OK, with a new year it’s time to get serious on the blog. (Yeah, nothing says “serious” like cartoon penguins, but really, I *do* mean it). This is gonna kick off a series of inter-related posts that I’ve had in my head for a long time now. So buckle up, Rico.
Let’s say you’ve built a bunch of nifty PowerPivot workbooks. You’ve published them to SharePoint. And naturally, now you want to set things up so those workbooks automatically refresh, with the latest data, every night (or perhaps once a week).
As a recap, the simplest way to get started is to go to the PowerPivot Gallery view and click the highlighted button:
Which leads to this page:
Refresh ASAP vs. Refresh Once
Most of the options in that scheduling page are quite straightforward. The only one that’s ever tripped me up is “Once.” “Once” does NOT mean “Now.” Instead, “Once” typically means refresh will occur tonight – either after business hours or after your specified earliest time.
If you want a refresh to occur now, you either need to specify a time (from today) that has already passed, OR don’t use “Once” at all.
Instead, you can schedule a refresh to occur Daily/Monthly/Weekly, and then check the “Also refresh as soon as possible” checkbox.
Personally, I think the lack of a “One time, right now” option is an oversight. As a workaround, I often found myself scheduling something to run once every 12 months just so I can check the “ASAP” checkbox.
Another Way to Turn “Once” into ASAP
At Pivotstream, we have found another way to schedule ASAP refreshes: we’ve changed the centralized definition of “business hours” to be so narrow that there are essentially no business hours at all. (Right now we have biz hours set to be 7-7:15 AM – I haven’t tried setting Start Time = End Time, but a 15 minute window is narrow enough for our purposes).
The downside of essentially disabling Business Hours, of course, is that it impacts everyone. That may not be a good option for your organization, as a refresh scheduled for “after business hours” will end up running sooner than expected. It works well for us at Pivotstream however.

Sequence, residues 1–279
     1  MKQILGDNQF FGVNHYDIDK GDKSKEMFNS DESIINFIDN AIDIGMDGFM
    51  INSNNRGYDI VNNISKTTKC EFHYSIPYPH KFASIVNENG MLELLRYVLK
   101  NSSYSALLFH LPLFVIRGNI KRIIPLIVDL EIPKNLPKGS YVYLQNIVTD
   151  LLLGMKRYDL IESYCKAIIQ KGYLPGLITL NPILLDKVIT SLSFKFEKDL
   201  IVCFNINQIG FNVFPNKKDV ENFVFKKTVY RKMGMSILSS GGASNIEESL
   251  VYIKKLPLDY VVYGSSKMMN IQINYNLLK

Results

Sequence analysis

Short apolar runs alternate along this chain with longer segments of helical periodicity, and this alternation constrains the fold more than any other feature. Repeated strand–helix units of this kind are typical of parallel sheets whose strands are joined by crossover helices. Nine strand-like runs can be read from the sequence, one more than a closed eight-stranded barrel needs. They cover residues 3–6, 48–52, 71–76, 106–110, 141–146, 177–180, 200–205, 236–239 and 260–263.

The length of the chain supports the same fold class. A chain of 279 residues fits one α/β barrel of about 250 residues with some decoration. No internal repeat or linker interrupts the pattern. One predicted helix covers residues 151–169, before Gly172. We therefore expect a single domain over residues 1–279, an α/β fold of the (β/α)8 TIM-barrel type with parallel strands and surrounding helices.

For details on how to modify Business Hours, see Vidas’s item in the FAQ: http://powerpivotfaq.com/Lists/TGPPF/DispForm.aspx?ID=51
Behind the Scenes – the Basics
When a scheduled refresh does occur, a lot more happens than meets the eye. This rough diagram illustrates the steps behind the scenes:
(Click for Larger Version)
Notes on the diagram
I won’t repeat the descriptions on the diagram above, so spend a couple of minutes going over it ok? 🙂
With that done, I do want to call out a few points:
- The timer service only checks about once per minute – so if you schedule an ASAP refresh but nothing happens immediately, just be patient, it will start shortly.
- You can set different schedules per connection – I just discovered this recently, thanks to the watchful eyes of a training/consulting client of mine. George and company, you rock 🙂
- The whole process will fail if the original file is checked out, or otherwise open for editing, during Step 6. So it’s extra important that you not leave your published PowerPivot workbooks checked out. I recommend editing locally on your desktop for this reason (and also because SharePoint is not terribly speedy for open/save of large files… and you should be saving often.)
Refresh is Actually TWO Refreshes
OK, one last piece of background in this post. When PowerPivot runs a refresh, it is refreshing the PowerPivot model – which corresponds to the contents of the PowerPivot window in Excel client.
In order for report consumers to see the latest and greatest data when they first navigate to it, however, the pivots in the Excel sheets themselves ALSO need to be refreshed. So there are TWO refreshes that need to happen – we’ll call the first one “PowerPivot Refresh” and the second one “Excel Refresh.”
OK, that’s enough for part one. Next time I’ll explain how this two-stage refresh can complicate things in some situations.
In the meantime, if you are interested in further reading on scheduled refresh, you can check out the following articles:
http://msdn.microsoft.com/en-us/library/ff976569.aspx (Mariano’s excellent whitepaper)